In high-speed continuous-time implementations of at least some SDM ADC systems implemented in accordance with the invention, the additional delay incurred in the feedback loop, by the conventional feedback DEM methods (as cited above), usually limits the maximum achievable sampling frequency and the input signal bandwidth. In at least some embodiments of the invention described herein, however, the DEM circuit is included in the feed-forward path of the SDM, helping to eliminate the need for additional DEM circuits in the sensitive feedback path. Consequently, no additional delay is incurred in the feedback path of the SDM. This advantage of this embodiment of present invention makes it particularly suitable in high-speed continuous-time implementations of the SDM ADCs.

Advantageously, at least some of the embodiments described herein average out the mismatches in the offset voltages of the comparators that arise from the fabrication imperfections, which is an added benefit of employing the DEM inside the quantizer.

Details relating to this and other embodiments of the invention are described more fully herein.

BRIEF DESCRIPTION OF THE DRAWINGS

The advantages and aspects of the present invention will be more fully understood in conjunction with the following detailed description and accompanying drawings, wherein:

FIG. 1A is an illustrative block diagram of a prior art SDM ADC system;

FIG. 1B is an illustrative block diagram of a prior art SDM ADC system;

FIG. 2A is a block diagram of a top-level architecture for a general SDM ADC system employing dynamic element matching (DEM), in accordance with a first embodiment of the invention;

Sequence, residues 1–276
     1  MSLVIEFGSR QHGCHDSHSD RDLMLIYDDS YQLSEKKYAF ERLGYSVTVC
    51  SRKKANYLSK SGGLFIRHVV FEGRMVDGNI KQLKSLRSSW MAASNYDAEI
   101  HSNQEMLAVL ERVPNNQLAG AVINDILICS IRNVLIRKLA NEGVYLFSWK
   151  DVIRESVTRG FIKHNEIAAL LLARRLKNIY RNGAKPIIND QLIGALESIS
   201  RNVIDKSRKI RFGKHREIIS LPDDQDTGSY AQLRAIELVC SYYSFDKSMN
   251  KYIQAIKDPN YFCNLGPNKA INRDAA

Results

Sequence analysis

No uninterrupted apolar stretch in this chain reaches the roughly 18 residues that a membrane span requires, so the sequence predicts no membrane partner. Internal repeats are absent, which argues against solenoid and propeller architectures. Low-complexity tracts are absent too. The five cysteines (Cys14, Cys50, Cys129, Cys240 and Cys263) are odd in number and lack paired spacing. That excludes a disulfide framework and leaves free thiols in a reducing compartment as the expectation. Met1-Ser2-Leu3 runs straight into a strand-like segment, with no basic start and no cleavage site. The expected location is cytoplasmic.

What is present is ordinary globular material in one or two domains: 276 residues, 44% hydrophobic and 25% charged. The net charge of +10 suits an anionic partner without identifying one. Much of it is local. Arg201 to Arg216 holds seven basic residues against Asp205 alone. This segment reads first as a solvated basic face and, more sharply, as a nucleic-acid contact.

FIG. 2B is a block diagram of a top-level architecture for a general SDM DAC system employing DEM, in accordance with a second embodiment of the invention;

FIG. 3A is a block diagram illustrating one embodiment of the multi-bit quantizer with DEM that can be used with either or both of the embodiments shown in FIGS. 2A and 2B;

FIG. 3B is a block diagram for a first reference voltage generation circuit for the multi-bit quantizer with DEM of FIG. 3A, using a resistive ladder implementation, in accordance with one embodiment of the invention;

FIG. 3C is a block diagram for a second reference voltage generation circuit for the multi-bit quantizer with DEM of FIG. 3Z, using a switched capacitor implementation, in accordance with one embodiment of the invention;

FIG. 3D is a clock timing diagram for the second reference voltage generation circuit of FIG. 3C;

FIG. 4 is a block diagram illustrating the details of one embodiment of the reference selection logic (RSL) depicted in FIG. 3A;

FIG. 5 is an illustrative a block diagram for a second-order three-bit SDM, in accordance with one embodiment of the invention;

FIG. 6A shows a first set of MATLAB simulation results, done with 0% mismatch and without DEM, obtained from a simulation of the second-order SDM of FIG. 5;

FIG. 6B shows a second set of simulation results, done with 0.5% mismatch and without DEM, obtained from a simulation of the second-order SDM of FIG. 5; and